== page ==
Donelson R. Forsyth, a psychologist in the Jepson School of Leadership Studies, comments on the upside and downside of power.

Forsyth holds the Colonel Leo K. & Gaylee Thorsness Endowed Chair in Ethical Leadership.

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One of the paradoxes of leadership, Forsyth said, is that power has an upside and a downside. “When people feel powerful, they become physically and socially more active — they tend to act rather than react,” he said. Power enhances “executive functioning,” helping leaders plan, decide and set goals more quickly and efficiently. “So they are more likely to reach the goals they set for themselves and for their unit,” he said.

Then there’s the dark side.

“Powerful people feel that they are entitled, that they get more of the group’s resources and that the rules the group has established for the rank-and-file members do not apply to them,” Forsyth said.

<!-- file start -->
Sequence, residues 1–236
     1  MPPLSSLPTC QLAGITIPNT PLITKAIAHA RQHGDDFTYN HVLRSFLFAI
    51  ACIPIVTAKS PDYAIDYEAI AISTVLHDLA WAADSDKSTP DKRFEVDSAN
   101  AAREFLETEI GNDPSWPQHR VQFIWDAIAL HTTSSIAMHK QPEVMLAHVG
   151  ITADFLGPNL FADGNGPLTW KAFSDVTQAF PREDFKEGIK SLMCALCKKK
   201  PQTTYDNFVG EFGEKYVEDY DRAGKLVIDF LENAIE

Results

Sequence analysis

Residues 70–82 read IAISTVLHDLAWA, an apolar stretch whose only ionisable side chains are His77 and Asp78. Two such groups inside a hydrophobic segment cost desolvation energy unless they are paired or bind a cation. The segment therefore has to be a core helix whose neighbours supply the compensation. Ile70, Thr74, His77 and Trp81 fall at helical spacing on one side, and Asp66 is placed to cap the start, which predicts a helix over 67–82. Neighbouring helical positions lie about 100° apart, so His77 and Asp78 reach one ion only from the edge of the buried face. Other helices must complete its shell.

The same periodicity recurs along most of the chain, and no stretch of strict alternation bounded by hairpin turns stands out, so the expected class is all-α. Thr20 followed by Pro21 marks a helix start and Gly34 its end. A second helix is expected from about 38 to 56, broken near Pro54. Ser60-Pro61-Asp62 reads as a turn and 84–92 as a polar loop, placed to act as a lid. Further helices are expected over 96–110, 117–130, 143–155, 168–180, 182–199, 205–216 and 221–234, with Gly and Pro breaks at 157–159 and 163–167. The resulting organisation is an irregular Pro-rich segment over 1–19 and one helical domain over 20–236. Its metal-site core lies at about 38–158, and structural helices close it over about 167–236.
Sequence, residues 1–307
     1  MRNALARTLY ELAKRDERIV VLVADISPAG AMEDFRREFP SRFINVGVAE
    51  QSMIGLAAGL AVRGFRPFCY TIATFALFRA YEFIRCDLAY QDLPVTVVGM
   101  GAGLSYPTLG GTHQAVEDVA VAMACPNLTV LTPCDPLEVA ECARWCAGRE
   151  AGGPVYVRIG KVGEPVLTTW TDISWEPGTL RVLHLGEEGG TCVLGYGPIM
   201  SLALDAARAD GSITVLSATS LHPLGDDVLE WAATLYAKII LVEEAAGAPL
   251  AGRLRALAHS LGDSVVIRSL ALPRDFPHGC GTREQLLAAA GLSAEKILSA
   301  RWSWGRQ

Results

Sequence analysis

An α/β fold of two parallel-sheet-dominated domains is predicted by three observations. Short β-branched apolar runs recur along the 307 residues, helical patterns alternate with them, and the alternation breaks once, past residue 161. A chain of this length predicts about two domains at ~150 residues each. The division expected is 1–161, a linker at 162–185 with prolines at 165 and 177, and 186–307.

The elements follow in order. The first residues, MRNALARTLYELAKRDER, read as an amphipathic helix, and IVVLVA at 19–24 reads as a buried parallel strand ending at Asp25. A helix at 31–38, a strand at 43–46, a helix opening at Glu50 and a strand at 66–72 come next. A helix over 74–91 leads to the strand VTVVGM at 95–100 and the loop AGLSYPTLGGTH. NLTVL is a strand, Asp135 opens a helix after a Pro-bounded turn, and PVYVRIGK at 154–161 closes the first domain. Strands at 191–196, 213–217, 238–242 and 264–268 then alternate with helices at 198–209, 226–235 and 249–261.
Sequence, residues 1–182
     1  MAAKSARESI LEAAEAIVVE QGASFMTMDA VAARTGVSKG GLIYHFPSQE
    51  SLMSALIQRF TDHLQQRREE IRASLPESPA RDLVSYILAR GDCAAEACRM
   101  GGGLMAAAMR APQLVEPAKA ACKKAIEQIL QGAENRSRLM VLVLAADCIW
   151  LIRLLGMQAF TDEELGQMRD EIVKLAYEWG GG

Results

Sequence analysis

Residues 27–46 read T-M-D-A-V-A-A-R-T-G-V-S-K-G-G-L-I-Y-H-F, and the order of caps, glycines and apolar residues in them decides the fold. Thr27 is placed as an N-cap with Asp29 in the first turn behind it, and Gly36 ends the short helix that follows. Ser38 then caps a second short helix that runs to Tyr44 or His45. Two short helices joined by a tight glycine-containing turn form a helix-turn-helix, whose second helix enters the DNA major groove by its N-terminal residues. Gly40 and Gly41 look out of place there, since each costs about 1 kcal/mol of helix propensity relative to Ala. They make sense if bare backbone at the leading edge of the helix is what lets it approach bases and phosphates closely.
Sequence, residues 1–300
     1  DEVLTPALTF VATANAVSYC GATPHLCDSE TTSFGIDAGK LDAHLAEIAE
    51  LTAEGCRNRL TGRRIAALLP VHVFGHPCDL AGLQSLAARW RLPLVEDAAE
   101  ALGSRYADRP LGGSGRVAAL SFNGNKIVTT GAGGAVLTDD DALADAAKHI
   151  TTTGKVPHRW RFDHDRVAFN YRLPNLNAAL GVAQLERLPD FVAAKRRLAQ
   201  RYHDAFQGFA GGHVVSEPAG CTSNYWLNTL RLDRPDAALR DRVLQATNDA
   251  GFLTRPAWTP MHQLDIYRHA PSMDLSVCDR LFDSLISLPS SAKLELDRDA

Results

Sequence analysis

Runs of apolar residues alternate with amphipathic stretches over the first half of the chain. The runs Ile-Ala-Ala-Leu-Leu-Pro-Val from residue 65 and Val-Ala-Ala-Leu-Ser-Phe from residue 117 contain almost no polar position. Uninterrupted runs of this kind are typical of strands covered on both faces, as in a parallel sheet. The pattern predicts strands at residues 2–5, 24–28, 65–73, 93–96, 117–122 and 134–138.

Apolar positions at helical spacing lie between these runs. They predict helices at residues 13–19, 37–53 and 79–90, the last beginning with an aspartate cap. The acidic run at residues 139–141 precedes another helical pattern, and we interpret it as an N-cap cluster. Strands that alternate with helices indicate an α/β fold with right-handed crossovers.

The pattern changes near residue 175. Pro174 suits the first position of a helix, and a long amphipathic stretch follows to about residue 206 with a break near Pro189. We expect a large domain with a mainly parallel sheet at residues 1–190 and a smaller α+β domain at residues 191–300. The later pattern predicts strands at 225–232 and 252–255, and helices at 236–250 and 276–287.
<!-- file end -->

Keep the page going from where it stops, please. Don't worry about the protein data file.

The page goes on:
“When individuals gain power, their self-evaluations grow more favorable, whereas their evaluations of others grow more negative,” he said. “In some studies powerful people lose their ability to anticipate other people’s reactions to their behavior — their emotional intelligence drops.”

In addition, Forsyth’s own research has found that individuals who feel powerful are more likely to surround themselves with “yes-men,” preferring to recruit those who agree with them from the outset rather than those who challenge them.

A naval vessel is a “floating community,” Forsyth said, “and as a result the social relations among members likely are very different — more intense, more dense, more psychologically important — from those in other military settings. I would assume that this intensification of relationships can cause commanders to make mistakes in their judgment, as the work relationship becomes mixed with the personal relationship.”

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Professor, Colonel Leo K. & Gaylee Thorsness Endowed Chair in Ethical Leadership
Group Dynamics
Social Behavior
Psychology of Morality